When your head is spinning and you’re seconds away from vomiting your brains out, your 4.0 GPA will not be there to hold your hair back. Your friends, if you’ve chosen wisely, will be there to hold your hair back, clean up after you and then lovingly remind you the next day how stupid you acted.
It all started two weeks after I told my friends, “Let’s do a drunken corgi themed waltz for my 21st birthday!”
On November 19th, the stage was set for a perfect 21st. My metallic party dress perfectly contrasted the black corgi decorations in my apartment and 25 of my favorite female friends were on their way to help me celebrate. My roommates pumped up the party music and I danced around my apartment throwing back peach JELL-O shots like they were alcohol-free (they definitely weren’t).
Once the party got going, my roommate Sara brought out the list of 21 tasks I had to complete by the end of the night. If only this list contained things like “learn how to knit” or “practice a new yoga pose,” the night might have ended differently. Instead, each item involved drinking large quantities of alcohol, including take a shot with a friend, design your own Carrie drink and pop your champagne. I looked at the list with a cocky smile; I knew could do it. After all, mama didn’t raise a quitter.
With the pop of the champagne came the pop of my judgment and the fizzing over of my sober sanity. I decided to give a “Kristen Whig in Bridesmaids” style speech to every girl at my party. Suddenly everyone became the “most beautiful, magnificent sunflower in the whole world.” After the toasts were made (and recorded), we headed to the bar for a night of drunken debauchery.
When we arrived at the bar, I immediately checked off three items on my list of 21 things, including dancing on the stage, kissing a stranger and yelling “I’m 21!” in a fake British accent. Several vodka shots later, my friends saw I was getting a little too drunk and tried to wrangle me in like Steve Irwin tackling a crocodile. Unfortunately for them, this croc wasn’t ready to stop drinking so I slipped back to the bar and consumed even more alcohol.
Finally, five of my friends managed to get me on the Night Nole and we headed to my apartment on one of the most nauseating rides of my life. When the bus finally screeched to a halt, we got off and I remember falling to the ground, wheezing and unable to walk. It felt like I vomited all of the contents of my stomach, plus an organ or two. I begged my friends to bring me water, thirst being my only sensation.
Curious onlookers who drunkenly stumbled by huddled around my writhing body like I was the best show on cable. I felt overwhelmed by the attention and lack of personal space and started hyperventilating while my friends tried to get the strangers to leave. The strangers shouted back choice words and claimed, “We were just trying to help!” before finally retreating.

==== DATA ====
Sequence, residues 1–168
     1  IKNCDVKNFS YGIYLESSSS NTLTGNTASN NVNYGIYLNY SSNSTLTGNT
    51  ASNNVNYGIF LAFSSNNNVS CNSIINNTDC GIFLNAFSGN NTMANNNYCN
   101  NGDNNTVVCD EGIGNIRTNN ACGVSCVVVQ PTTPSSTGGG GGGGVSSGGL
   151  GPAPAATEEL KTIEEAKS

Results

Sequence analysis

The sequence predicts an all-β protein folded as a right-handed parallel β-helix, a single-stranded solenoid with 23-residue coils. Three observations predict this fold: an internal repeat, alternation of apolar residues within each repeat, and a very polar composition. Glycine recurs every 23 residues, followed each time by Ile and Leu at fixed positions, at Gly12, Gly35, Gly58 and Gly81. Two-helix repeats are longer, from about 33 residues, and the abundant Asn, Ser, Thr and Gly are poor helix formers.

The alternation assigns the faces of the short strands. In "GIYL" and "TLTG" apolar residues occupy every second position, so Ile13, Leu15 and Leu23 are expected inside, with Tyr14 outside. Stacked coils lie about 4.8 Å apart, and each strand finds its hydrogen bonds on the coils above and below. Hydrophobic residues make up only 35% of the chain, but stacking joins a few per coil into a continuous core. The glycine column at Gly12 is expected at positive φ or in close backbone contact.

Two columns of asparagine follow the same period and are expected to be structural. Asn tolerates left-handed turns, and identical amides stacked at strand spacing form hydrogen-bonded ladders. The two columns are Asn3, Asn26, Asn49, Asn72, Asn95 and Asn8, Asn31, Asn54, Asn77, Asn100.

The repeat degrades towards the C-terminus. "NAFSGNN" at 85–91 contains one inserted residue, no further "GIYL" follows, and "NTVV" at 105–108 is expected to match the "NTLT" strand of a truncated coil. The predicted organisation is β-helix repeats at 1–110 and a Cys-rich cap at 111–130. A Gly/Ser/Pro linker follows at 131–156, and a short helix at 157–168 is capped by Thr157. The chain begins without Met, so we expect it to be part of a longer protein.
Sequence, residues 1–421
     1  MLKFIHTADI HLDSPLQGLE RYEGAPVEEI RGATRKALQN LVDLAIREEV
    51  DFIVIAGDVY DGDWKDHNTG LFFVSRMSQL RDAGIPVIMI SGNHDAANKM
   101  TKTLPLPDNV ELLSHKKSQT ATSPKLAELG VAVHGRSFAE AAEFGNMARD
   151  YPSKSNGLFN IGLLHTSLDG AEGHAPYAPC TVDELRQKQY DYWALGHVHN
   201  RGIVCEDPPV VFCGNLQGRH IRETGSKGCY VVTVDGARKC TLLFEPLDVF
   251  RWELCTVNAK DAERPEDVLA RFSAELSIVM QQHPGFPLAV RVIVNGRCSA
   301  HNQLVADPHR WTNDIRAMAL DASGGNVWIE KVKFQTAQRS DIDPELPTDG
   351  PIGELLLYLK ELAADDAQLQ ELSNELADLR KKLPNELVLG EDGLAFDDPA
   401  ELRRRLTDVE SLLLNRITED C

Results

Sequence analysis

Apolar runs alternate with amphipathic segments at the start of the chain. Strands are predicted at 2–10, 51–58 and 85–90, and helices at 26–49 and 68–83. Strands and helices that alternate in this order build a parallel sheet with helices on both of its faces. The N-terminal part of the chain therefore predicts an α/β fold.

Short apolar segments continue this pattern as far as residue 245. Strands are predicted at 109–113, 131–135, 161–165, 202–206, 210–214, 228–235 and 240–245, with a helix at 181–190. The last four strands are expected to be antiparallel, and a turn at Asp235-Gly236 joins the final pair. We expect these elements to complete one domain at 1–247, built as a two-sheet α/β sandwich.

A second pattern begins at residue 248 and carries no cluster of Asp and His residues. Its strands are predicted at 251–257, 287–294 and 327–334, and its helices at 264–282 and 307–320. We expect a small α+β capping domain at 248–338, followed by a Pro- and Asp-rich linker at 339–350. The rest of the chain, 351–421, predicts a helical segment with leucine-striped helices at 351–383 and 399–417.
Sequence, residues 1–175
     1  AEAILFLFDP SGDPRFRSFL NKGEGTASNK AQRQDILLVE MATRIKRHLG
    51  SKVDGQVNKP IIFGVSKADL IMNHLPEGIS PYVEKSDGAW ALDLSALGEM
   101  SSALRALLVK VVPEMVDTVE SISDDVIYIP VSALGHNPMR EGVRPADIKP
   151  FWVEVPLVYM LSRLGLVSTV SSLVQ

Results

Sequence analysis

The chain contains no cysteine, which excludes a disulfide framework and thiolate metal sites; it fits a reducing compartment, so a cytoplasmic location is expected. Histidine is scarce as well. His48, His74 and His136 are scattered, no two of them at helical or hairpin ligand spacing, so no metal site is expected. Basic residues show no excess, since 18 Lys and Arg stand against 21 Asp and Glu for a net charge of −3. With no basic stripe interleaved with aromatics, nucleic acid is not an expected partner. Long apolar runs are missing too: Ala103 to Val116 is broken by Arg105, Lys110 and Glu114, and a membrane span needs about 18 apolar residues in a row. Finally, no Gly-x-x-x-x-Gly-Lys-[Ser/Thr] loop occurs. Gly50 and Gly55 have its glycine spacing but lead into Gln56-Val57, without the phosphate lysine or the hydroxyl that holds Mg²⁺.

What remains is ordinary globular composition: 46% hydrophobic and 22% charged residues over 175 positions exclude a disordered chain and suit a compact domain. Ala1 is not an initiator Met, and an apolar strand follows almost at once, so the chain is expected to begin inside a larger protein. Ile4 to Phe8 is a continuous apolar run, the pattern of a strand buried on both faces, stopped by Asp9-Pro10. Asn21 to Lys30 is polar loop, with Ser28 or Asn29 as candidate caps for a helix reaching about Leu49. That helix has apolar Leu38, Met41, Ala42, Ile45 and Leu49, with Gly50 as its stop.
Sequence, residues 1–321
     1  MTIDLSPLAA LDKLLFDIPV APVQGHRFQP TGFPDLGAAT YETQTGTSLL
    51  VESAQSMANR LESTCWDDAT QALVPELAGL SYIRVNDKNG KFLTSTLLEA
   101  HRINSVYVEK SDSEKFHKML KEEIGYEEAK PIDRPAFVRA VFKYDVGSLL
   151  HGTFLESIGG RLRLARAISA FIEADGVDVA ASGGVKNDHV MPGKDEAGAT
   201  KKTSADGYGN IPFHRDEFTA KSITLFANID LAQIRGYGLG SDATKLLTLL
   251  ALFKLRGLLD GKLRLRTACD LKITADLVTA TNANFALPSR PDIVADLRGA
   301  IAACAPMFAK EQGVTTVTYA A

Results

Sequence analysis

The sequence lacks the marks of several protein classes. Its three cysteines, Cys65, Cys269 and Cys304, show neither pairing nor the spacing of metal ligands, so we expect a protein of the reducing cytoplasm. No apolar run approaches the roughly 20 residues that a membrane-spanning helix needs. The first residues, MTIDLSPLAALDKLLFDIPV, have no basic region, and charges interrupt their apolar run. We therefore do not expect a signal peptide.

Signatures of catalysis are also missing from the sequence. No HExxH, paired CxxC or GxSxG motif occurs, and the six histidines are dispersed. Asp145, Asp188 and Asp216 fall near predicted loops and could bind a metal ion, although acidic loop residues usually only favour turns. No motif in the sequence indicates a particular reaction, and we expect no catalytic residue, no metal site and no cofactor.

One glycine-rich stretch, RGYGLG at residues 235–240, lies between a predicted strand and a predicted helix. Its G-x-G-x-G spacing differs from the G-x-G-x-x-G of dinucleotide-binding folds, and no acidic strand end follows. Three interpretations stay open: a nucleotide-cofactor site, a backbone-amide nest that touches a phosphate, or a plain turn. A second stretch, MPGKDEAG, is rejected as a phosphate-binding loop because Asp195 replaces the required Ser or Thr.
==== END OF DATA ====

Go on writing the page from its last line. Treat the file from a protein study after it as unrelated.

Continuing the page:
From that moment, the evening blurs. I remember my roommate Claire standing over my convulsing body in the ambulance saying, “It’s ok, Carrie. We’re almost to the hospital.” I remember being angry at the nurse for not giving me water even though my throat felt dryer than Death Valley. Finally, I remember passing out the second a nurse put a needle in my arm to draw blood.
The next morning, I woke up in a hospital bed. If my life were a movie title in that moment, it would have been Dazed and Confused. I was still wearing my metallic party dress, only now it was coated in a layer of dried vomit. I was attached to the bed by a blood pressure machine and a sticky chest monitor pod. My head throbbed from dehydration and the fluorescent lights. After lying strapped down and immobilized for what felt like hours, the nurse came in and told me my friend was there to pick me up.
Never have I felt so glad to see Maria or the glistening glass of water she held than in that moment. After filling out the hospital paperwork, she drove me to my favorite brunch place where I nibbled on toast and reflected on my poor life choices with a distinct mixture of regret and gratitude. Regret because my “perfect” 21st birthday party ended so catastrophically, regret because of the impending hospital bill and regret for keeping my friends awake all night in Tallahassee Memorial Hospital (aka Hades).
Overshadowing the regret was a sense of overwhelming gratitude for the true friendships I’ve made in college. That night, my bad decisions gave me a whopping $2,100 hospital bill for my 21st birthday, but my friends gave me something priceless: The assurance they would be there to hold my hair back. I realized then that my friendships could withstand not only the grotesque messiness of a night of binge drinking, but also the messiness of life itself.